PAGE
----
Judgment belongs to those who deny Jesus in the presence of others; they in turn will be denied by Jesus before God (Matt. 10:33; Luke 12:9). The verdict may seem harsh, but it makes perfect sense and accords with justice. We might hope at some moments that decisions in life weren’t consequential, as if life had a fantasy-like quality. At our better moments, however, we know and relish the truth that our lives are significant and that what we choose to do with them is momentous.2 Denying Jesus contradicts the bedrock reality in the universe, the truth that God has revealed about himself. Another way of putting it is that Jesus lets stand the decisions human beings have made about him. He ratifies and confirms the choices we have made about him on the final day, and he judges accordingly.3

“And if your right hand causes you to sin, cut it off and throw it away. For it is better that you lose one of your members than that your whole body go into hell.” (Matthew 5:3)

A common term for fiery judgment is “hell,” a translation of the Greek term geenna. The term comes from the “Valley of Hinnom,” which became a place where people burned children as sacrifices (Josh. 15:8; 2 Kings 23:10; 2 Chron. 33:6; Jer. 7:31, 32). Along the same lines, 1 Enoch 54:1 speaks of “a valley, deep and burning with fire.” The New Testament picks up the notion of a fiery judgment so that the term “hell” (geenna) represents the final judgment.4 For instance, Jesus speaks of “being sentenced to hell” (Matt. 23:33), and wherever the word “hell” is used, the notion of fire is present. We saw earlier that those who are unrighteously angry are subject to final judgment (Matt. 5:21–26) and that judgment is portrayed as “the hell of fire” (tēn geennan tou pyros, Matt. 5:22). Similarly, those who don’t conquer lust will be thrown into hell (Matt. 5:29, 30). Losing physical life is difficult, but it is far worse to experience future punishment in hell.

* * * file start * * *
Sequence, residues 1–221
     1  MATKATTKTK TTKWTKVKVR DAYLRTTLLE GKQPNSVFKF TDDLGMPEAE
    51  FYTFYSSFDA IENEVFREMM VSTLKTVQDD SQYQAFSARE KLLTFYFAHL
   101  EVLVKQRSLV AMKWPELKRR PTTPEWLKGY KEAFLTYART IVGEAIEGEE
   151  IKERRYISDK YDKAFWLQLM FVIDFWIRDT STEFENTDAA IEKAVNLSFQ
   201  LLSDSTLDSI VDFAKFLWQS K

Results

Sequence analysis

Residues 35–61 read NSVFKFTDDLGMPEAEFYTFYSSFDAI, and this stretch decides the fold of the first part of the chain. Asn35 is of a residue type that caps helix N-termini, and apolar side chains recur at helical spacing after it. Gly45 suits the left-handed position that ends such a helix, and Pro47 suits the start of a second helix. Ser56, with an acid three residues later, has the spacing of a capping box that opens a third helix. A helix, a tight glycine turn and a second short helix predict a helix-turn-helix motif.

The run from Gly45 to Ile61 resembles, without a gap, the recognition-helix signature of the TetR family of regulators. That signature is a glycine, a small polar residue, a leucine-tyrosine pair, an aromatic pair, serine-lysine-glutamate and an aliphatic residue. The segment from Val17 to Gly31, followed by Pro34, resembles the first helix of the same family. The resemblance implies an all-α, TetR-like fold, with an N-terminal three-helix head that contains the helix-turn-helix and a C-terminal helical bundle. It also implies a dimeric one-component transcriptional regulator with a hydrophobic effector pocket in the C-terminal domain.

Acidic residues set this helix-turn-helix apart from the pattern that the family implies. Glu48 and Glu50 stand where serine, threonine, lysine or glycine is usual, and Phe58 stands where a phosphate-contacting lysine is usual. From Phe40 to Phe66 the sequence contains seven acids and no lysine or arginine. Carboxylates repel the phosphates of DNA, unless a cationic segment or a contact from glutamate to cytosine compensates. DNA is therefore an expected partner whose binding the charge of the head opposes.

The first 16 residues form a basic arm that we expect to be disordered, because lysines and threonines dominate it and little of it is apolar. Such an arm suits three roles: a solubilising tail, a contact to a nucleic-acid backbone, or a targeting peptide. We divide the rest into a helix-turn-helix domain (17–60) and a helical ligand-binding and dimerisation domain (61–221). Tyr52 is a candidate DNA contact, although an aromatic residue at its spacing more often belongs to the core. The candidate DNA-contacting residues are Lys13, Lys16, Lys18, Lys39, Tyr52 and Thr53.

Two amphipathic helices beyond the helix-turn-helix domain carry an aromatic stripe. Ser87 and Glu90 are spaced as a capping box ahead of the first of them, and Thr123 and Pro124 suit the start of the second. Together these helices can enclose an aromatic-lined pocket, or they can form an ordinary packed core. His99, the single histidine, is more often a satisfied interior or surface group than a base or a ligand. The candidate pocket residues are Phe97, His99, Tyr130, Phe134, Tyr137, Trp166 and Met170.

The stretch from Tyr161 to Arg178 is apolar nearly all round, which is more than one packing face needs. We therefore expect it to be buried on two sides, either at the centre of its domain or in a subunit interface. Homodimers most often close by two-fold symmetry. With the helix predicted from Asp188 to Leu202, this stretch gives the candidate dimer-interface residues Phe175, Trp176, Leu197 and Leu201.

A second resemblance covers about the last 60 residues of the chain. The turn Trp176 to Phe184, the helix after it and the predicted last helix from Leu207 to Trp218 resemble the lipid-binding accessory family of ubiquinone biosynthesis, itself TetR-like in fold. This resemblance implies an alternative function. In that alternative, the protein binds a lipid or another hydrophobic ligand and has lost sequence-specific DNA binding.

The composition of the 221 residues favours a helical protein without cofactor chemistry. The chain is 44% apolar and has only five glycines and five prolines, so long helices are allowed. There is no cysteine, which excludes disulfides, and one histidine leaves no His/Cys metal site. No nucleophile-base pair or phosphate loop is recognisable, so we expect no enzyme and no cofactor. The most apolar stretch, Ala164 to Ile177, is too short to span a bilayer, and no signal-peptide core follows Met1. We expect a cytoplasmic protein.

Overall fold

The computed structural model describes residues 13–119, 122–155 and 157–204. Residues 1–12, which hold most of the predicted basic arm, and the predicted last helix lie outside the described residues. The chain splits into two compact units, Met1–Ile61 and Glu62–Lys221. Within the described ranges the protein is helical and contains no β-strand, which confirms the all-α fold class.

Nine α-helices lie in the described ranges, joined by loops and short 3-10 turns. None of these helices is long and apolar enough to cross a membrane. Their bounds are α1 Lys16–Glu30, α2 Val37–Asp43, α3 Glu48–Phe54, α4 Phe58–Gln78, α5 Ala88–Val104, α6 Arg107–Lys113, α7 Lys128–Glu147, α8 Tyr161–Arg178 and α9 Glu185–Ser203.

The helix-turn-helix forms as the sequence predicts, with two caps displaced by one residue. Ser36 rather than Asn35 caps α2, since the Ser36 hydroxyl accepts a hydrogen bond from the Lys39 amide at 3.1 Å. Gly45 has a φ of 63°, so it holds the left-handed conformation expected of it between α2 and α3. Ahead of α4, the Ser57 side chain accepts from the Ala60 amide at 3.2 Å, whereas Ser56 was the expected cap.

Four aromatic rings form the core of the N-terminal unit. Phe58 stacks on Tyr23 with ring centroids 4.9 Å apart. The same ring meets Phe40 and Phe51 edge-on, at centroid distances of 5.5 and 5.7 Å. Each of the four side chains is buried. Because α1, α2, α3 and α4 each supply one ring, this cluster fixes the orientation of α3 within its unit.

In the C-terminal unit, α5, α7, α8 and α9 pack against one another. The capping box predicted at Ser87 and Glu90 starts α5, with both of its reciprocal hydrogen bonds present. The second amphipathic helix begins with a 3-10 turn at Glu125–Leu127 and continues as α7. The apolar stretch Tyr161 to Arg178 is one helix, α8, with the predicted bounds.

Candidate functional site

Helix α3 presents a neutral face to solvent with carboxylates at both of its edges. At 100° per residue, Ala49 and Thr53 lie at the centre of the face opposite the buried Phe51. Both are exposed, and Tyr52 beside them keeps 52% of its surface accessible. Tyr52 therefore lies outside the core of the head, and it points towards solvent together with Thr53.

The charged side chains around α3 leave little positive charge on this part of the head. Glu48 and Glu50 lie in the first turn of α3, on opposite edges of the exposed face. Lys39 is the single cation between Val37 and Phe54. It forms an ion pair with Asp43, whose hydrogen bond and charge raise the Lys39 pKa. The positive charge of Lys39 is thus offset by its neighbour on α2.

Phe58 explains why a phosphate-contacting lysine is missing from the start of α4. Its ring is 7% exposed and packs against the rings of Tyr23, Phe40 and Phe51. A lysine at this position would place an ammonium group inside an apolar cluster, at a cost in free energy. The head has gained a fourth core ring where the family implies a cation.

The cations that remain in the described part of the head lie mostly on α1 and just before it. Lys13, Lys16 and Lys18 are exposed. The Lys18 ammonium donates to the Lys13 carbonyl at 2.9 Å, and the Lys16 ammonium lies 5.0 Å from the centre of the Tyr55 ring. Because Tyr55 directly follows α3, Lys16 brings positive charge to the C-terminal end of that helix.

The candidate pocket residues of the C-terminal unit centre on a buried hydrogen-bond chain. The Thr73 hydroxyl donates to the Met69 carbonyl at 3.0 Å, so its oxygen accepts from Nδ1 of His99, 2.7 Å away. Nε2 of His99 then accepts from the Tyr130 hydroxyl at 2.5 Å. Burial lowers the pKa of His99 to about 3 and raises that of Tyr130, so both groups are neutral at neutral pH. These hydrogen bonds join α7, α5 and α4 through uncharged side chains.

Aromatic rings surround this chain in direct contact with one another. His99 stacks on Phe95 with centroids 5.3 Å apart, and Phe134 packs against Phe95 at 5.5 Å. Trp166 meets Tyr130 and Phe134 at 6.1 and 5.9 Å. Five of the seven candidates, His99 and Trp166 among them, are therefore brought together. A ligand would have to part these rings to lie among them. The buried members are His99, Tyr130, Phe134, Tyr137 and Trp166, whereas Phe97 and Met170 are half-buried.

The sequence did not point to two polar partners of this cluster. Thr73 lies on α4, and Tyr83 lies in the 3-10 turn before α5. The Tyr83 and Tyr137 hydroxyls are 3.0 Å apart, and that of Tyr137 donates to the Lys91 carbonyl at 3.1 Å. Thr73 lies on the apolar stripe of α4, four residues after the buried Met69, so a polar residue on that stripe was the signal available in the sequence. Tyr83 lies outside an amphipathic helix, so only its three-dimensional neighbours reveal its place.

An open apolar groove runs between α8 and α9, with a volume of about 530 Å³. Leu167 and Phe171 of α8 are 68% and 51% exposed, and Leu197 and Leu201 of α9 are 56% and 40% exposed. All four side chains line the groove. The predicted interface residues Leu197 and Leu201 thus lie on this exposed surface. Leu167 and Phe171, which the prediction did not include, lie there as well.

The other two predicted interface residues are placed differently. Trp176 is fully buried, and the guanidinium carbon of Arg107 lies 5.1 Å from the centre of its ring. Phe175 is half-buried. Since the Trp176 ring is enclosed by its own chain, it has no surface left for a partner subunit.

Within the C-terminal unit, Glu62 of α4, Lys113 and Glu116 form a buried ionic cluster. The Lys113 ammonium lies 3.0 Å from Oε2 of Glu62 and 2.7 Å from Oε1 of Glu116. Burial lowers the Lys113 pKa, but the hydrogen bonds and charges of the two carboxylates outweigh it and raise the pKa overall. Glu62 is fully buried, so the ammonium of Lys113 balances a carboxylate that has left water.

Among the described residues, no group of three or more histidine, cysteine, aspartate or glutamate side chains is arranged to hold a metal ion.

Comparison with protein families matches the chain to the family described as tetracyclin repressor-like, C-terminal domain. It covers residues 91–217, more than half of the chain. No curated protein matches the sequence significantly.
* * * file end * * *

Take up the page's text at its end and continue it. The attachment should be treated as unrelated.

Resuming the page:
Jesus warns about introducing offenses and stumbling blocks into the lives of the little ones who have put their faith in him (Matt. 18:6–7). Using metaphorical language reminiscent of Matthew 5:29–30, he goes on to say that it is better to cut off hands or feet or to gouge out an eye than to let sin get a foothold because, if one allows sin to dominate, one is cast “into the eternal fire” (Matt. 18:8) or “the hell of fire [tēn geennan tou pyros]” (Matt 18:9; cf. Mark 9:45, 47). It is obvious that “eternal fire” (to pyr to aiōnion) and “hell of fire” describe the same reality. The parallel in Mark describes hell as “the unquenchable fire” (Mark 9:43).

Jesus describes hell as the place “where their worm does not die and the fire is not quenched” (Mark 9:48), picking up on the last verse of the book of Isaiah.10 The righteous “shall go out and look on the dead bodies of the men who have rebelled against me. For their worm shall not die, their fire shall not be quenched, and they shall be an abhorrence to all flesh” (Isa. 66:24). Fire denotes final judgment, a judgment that endures forever, and viewing that judgment functions as a warning to the godly.


We learn from the Gospels that Jesus often spoke about the judgment. The coming judgment is a verdict that will be announced on the last day against the wicked. This verdict is not an empty one since those who are judged will experience destruction and anguish, dissolution and unending pain. The images used for destruction, such as the reference to fire, should not be pressed as if they physically describe what will happen. On the other hand, the judgment is real and eternal. The metaphors point to a judgment that means the unraveling of human life, a torment that is unending. In the Gospel of John, those who don’t believe will be judged, face God’s wrath, and be cut off from the life that God gives. It is imperative to remember that all the texts about judgment in the Gospels and Acts are intended to provoke people to repent. God is merciful to those who repent; he doesn’t judge immediately. People are warned of the hurricane that is coming so that they will take shelter in Christ before the storm arrives. At the same time, the rightness and justice of the judgment is underscored. No one is judged unfairly; all those who are judged deserve it.


  1. The Lukan version of this account should be interpreted similarly (Luke 12:58–59).
  2. Leon Morris, The Biblical Doctrine of Judgment (Grand Rapids, MI: Eerdmans, 1960), 51–53, emphasizes that we choose judgment by our own decisions.
  3. Though there are some deficiencies in C. S. Lewis’s understanding of everlasting judgment, he rightly says, “There are only two kinds of people in the end: those who say to God, ‘Thy will be done,’ and those to whom God says, in the end, ‘Thy will be done.’ All that are in Hell, choose it. Without that self-choice there could be no Hell.” C. S. Lewis, The Great Divorce (New York: HarperCollins, 2001), 75.
  4. Stephen H. Travis, Christ and the Judgement of God: The Limits of Divine Retribution in New Testament Thought (Peabody, MA: Hendrickson, 2009), 234.
  5. Against Travis, Christ and the Judgement of God, 235, the text most naturally refers to eternal conscious punishment.

This article is adapted from The Justice and Goodness of God: A Biblical Case for the Final Judgment by Thomas R. Schreiner.